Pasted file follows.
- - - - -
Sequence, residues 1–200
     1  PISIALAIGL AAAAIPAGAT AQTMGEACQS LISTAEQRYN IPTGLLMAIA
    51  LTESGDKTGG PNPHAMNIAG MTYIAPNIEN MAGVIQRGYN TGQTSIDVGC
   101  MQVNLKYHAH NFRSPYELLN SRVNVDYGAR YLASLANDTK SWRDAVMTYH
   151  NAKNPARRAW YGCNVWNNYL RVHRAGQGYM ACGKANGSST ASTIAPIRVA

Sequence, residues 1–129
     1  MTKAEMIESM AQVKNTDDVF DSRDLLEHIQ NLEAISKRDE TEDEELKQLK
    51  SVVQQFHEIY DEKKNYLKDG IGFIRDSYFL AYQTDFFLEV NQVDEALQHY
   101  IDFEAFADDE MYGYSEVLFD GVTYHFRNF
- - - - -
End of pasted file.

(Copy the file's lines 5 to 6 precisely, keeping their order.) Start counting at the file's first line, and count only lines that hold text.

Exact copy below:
   151  NAKNPARRAW YGCNVWNNYL RVHRAGQGYM ACGKANGSST ASTIAPIRVA

Sequence, residues 1–129